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Why The Mandalorian's Greater Krayt Dragon Doesn't Make Sense

When it debuted on Disney+ on October 30, 2020, season 2 of The Mandalorian wasted little time making waves yet again amongst Star Wars die-hards and casual Baby Yoda lovers alike. Only three episodes into its second season as of this writing, the series continues its tradition of telling a wholly unique and interesting story away from the Skywalker Saga while still finding room to give prior media a nod. Whether it's one of the program's many Easter eggs or a major plot point that dates back to before The Mandalorian was around, the showrunners make very deep cuts into the Star Wars canon. A prime example of this comes in the form of the legendary Greater Krayt Dragon that arrived in "Chapter 9: The Marshal."

A carnivorous serpent that looks like the distant cousin of Dune's sandworms, Tatooine's Krayt Dragon is one of Star Wars' oldest yet least-explored beasts. First appearing as nothing more than a weathered skeleton in 1977's A New Hope, the Krayt Dragon has spurred fans, authors, and video game developers to come up with their own interpretations of it over the years since a live specimen was previously unseen until The Mandalorian unveiled it in all its scaly glory. As a result, this is arguably the definitive interpretation of the Krayt Dragon — for the time being.

Even still, just because it's what the folks at Lucasfilm deemed accurate doesn't necessarily mean it applies to real-world scientific conventions, making the Krayt Dragon's physical appearance in The Mandalorian a bit confusing from an evolutionary standpoint.

The science behind the Greater Krayt Dragon doesn't check out

The big point of contention surrounding the Greater Krayt Dragon lies in its anatomy, which, by all accounts, shouldn't allow it to live and maneuver the way it does in The Mandalorian. In a recent Forbes editorial, Kevin Anderton spoke to Ph.D. student Josh Mead — a specialist in ecology and evolutionary biology at the University of Texas at El Paso — who revealed some very interesting scientific discrepancies that poke a few holes in the logic behind the creature's very existence.

"The first thing I noticed is that the skin of the dragon seems to be covered in rough scales, large horns, and the teeth seem to stick out a great deal," Mead said, explaining that these physical features should actually work against the Krayt Dragon as it attempts to swim throughout the Dune Sea on Tatooine. He also mentioned that while the Krayt Dragon's head is shaped properly for its living conditions, "the mouth seems to stick out below the snout, which would result in a mouth full of sand as it moves forward."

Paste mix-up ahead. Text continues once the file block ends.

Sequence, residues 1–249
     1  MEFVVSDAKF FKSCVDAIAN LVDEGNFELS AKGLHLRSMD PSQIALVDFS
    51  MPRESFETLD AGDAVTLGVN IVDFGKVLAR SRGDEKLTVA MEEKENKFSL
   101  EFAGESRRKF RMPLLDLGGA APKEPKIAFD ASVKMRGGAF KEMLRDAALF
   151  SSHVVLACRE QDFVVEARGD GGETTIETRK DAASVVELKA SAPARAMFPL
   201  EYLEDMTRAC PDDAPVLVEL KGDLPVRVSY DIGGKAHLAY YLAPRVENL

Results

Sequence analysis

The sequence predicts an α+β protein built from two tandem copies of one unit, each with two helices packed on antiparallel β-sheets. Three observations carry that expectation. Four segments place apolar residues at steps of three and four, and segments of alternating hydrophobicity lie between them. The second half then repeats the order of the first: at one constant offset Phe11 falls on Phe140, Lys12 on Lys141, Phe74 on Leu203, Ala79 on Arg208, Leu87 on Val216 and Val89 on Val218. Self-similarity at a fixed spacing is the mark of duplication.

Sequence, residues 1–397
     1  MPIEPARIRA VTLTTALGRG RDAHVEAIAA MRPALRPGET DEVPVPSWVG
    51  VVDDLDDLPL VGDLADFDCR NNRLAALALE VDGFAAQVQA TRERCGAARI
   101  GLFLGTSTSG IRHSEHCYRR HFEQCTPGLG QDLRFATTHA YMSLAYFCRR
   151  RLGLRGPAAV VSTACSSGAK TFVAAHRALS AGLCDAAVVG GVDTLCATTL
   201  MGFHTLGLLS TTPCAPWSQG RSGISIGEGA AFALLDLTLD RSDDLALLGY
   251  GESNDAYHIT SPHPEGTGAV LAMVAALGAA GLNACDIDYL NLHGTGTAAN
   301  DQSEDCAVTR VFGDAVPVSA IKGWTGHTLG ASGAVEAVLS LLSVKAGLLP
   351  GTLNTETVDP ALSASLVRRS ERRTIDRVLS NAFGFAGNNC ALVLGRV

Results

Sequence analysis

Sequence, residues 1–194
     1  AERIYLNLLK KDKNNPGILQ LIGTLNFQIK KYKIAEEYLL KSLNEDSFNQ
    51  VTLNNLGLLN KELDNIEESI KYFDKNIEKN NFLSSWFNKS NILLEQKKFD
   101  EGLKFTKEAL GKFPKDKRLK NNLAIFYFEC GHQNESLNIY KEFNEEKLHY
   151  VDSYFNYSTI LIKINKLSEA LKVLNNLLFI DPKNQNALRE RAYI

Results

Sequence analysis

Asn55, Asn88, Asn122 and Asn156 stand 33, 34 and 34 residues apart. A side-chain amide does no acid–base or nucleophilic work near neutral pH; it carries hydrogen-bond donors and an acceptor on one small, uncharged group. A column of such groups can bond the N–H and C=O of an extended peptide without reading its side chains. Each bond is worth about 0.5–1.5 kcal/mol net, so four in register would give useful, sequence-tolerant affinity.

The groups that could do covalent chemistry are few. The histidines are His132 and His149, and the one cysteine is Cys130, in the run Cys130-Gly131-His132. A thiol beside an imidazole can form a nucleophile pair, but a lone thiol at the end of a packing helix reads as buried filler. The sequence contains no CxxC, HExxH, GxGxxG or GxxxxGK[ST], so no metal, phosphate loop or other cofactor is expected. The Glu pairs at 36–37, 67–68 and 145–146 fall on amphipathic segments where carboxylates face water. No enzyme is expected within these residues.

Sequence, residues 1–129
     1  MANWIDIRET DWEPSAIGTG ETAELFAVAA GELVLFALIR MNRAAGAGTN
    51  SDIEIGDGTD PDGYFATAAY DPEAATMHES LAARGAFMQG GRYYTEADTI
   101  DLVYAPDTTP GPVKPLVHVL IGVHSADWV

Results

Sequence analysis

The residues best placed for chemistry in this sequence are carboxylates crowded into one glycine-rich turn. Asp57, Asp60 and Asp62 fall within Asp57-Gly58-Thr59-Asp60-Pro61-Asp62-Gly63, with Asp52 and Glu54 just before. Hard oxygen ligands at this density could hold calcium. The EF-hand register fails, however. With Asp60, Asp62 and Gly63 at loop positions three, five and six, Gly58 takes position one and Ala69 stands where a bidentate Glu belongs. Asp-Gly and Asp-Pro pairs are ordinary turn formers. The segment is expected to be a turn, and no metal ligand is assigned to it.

Mead then explained how in the real world, sand-swimmers don't breathe in the same way as most animals on Earth: "When one of these species breathes, its method of ventilation is not simply expansion and contraction of the ribs as seen in most reptiles. Instead, their ventilation moves the underside of the animal to prevent the collapse of sand when breathing." 

Of course, in noting this, Mead also debunked the Krayt Dragon's hunting habits — claiming that since the Mandalorian (Pedro Pascal), Cobb Vanth (Timothy Olyphant), and their companions can hear it snoring, "the dragon's breathing does not work like the sandfish and would most likely scare off potential prey."

Finally, Mead spoke about the final portion of "Chapter 9: The Marshal," during which the sand-faring reptile burrows through the side of a solid mountain with relative ease and in little time. He bluntly commented, "This goes against everything we know about sand-swimmers who prefer to live in finer sands." 

Hopefully, those of you whose childhood fears from watching Tremors were reignited courtesy of the Greater Krayt Dragon's arrival can sleep a little easier knowing that the monster exists as pure fiction and couldn't possibly survive long in the real world with physical limitations.